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Henri Marie Raymond de Toulouse-Lautrec-Monfa, or more commonly known as just Henri de Toulouse-Lautrec, was born on November 1864 in a commune named Albi, more specifically in the department named after the Tarn River in France. He was the first child of Adèle Zoe Tapié de Celeyran and Alphonse Charles Comte de Toulouse-Lautrec-Monfa, an aristocratic family in which he would have inherited the title fo Comte, but only if he had outlived his father. Lautrec’s grandmothers were siblings, meaning his parents were cousins, resulting in congenital problems and was possibly the reason his brother, who was born in 1867, passed away only a year later. Eventually, his parents split up, and the young Lautrec went under the care of a nanny.
Lautrec was sent to live with his mother in Paris at eight years old, and she quickly noticed his innate talent for art. He was mostly interested in painting and drawing horses and would often draw caricatures in his schoolbooks. Rene Princeteau, a painter and a friend of his father, would periodically visit the young boy to give him lessons. A young artist who would become not only a beloved modern painter, but also a draughtsman, printmaker, caricaturist, illustrator, and who even wrote a cookbook, entitled The Art of Cuisine. Although today Lautrec is seen as a beloved artist of the Parisian cabarets, this didn’t come without struggles. He moved back to Albi in 1875 due to his health issues, as he had problems with his growth and development. Lautrec’s face had some deformities as he grew, causing him pain in his teeth as well. Because of his fragile bone, Lautrec fractured his femurs twice in two years, when he was thirteen and fourteen years old. After these incidents, his body never developed properly, leaving his legs shortened for the rest of his life, while his body grew normally - forcing him to use a cane. Some historians believe he had pycnodysostosis, which later became known as Toulouse-Lautrec Syndrome.
Princeteau was astounded with his pupils’ progress and convinced Lautrec’s parents to let the young artist study art under Léon Bonnat, a portrait painter, in Paris. Lautrec was mostly interested in the bohemian area of Paris, Montmartre - a hot spot for modern painters, philosophers, and writers. In 1882, Lautrec began to study with Fernand Cormon, who influenced his students to search for their artistic motifs in the streets of Paris. He met great modern masters like Vincent Van Gogh and Emile Bernard during this period which influenced his production. The artists’ exposure to the bohemian lifestyle, which included bars and brothels (reoccurring themes in his artworks) as well the traumas he endured because of his health and his appearance, led him to alcoholism.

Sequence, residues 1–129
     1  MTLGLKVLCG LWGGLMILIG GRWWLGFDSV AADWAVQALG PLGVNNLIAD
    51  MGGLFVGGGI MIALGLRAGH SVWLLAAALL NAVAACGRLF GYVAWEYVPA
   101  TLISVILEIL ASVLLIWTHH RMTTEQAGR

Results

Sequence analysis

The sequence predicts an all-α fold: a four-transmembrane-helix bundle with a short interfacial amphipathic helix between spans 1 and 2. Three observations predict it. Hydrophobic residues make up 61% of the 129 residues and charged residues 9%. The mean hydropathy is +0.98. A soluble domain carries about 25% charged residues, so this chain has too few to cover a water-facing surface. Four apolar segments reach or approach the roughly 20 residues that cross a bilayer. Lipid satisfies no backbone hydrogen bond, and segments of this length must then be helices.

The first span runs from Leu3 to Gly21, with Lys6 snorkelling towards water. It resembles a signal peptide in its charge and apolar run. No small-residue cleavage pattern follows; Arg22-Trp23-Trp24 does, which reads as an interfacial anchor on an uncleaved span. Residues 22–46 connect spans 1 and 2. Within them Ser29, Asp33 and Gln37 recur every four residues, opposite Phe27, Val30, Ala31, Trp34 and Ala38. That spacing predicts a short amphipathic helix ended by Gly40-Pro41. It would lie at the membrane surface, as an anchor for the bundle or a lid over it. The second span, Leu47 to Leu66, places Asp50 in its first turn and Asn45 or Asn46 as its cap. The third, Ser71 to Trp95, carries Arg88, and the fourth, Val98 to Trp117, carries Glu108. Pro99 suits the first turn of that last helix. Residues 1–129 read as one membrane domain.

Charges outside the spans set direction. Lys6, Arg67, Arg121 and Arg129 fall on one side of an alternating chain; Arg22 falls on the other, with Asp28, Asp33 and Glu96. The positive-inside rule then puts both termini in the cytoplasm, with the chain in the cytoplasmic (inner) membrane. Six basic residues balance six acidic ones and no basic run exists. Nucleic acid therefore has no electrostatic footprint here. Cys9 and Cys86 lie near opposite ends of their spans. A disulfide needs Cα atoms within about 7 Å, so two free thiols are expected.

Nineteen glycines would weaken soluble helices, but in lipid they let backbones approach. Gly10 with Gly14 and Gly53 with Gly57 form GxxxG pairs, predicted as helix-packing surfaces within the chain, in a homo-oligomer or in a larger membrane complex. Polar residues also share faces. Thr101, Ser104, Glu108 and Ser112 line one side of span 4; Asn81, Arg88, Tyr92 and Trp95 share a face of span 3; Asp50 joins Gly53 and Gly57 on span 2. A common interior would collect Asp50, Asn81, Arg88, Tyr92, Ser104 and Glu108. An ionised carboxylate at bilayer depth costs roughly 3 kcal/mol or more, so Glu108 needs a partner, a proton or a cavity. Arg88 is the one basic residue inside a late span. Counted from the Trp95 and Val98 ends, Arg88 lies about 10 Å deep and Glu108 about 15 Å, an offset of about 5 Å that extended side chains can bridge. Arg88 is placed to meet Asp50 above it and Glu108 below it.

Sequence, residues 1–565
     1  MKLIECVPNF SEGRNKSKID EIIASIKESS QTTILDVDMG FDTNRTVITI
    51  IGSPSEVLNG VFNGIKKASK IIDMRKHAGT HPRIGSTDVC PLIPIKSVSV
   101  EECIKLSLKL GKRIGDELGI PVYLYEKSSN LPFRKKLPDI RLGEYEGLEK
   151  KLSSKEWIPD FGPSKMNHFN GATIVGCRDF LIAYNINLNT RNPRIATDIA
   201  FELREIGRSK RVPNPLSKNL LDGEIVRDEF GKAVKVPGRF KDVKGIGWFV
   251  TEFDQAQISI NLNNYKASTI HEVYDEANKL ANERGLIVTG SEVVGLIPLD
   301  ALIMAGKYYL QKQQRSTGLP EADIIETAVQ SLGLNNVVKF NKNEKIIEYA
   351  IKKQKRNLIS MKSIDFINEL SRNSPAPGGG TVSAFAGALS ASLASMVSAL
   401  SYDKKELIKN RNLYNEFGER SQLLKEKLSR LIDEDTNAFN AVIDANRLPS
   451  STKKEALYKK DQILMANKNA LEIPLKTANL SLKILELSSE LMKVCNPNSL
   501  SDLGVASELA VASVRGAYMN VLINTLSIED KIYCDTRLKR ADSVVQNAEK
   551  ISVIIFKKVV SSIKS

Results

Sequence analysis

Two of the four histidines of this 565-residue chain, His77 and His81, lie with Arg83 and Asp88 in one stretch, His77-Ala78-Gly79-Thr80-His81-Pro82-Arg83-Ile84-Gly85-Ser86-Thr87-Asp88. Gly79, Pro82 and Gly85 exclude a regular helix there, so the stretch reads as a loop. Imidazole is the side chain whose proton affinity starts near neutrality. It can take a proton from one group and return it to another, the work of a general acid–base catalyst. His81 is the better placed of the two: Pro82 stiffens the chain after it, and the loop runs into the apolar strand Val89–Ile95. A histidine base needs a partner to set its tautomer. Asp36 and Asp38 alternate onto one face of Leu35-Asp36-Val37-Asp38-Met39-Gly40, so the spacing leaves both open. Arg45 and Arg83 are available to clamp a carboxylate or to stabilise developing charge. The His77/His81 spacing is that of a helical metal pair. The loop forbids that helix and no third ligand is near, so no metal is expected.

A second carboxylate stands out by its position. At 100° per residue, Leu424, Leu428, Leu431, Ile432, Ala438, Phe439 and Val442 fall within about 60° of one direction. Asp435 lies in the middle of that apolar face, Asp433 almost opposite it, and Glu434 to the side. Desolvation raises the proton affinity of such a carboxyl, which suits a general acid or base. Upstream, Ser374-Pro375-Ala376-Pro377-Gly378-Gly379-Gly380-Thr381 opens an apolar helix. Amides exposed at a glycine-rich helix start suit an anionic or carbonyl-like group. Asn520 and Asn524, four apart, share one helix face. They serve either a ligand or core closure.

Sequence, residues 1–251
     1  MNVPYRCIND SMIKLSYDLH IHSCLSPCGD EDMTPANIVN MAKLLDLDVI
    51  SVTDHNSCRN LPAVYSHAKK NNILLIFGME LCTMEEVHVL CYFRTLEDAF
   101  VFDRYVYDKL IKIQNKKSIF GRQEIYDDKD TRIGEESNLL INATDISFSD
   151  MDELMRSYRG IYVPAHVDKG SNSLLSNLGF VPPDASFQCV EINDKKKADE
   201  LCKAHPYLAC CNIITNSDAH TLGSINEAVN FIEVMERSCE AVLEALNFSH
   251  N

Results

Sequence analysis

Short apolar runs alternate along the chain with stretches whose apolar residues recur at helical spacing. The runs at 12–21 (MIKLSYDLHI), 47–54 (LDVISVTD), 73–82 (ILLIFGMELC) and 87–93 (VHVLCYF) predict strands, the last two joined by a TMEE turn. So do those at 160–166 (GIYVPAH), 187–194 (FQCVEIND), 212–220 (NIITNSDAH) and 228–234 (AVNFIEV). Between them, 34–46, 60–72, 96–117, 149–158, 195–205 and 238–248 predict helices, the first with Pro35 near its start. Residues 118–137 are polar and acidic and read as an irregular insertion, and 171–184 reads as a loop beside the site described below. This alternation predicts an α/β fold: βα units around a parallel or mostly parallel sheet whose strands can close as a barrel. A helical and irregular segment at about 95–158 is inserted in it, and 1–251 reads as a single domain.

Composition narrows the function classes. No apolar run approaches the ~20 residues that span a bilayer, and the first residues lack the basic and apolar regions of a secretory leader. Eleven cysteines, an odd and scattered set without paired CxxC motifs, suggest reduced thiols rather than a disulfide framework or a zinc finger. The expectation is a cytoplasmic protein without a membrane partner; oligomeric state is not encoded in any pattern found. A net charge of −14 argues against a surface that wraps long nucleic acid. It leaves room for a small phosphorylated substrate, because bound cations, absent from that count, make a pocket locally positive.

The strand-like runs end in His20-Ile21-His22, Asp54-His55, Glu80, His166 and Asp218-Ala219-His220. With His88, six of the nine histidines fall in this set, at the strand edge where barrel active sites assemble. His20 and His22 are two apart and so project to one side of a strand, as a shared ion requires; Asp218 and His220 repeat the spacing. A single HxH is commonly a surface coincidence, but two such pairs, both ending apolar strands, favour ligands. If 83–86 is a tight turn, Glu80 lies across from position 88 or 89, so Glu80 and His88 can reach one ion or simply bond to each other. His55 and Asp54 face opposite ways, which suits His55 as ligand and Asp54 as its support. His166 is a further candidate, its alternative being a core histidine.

Although printmaking was looked down upon by many other artists, Lautrec created a beautiful series of lithographic posters for the Moulin Rouge, which helped tremendously in his income. He was inspired by early Impressionists like Manet and Degas, as well as the traditional Japanese woodblock prints. In 1886, Lautrec painted the masterpiece La Blanchisseuse - an artwork that sold for US$22.4 million in a 2005 auction. For many years the artist participated in the Société des Artistes Indépendants, continued selling artworks, and even exhibited works with Van Gogh. While on a trip to London, Lautrec became good friends and supporter of Oscar Wilde. Lautrec passed away in 1901 after his alcoholism and syphilis began to deteriorate his mental and physical health significantly.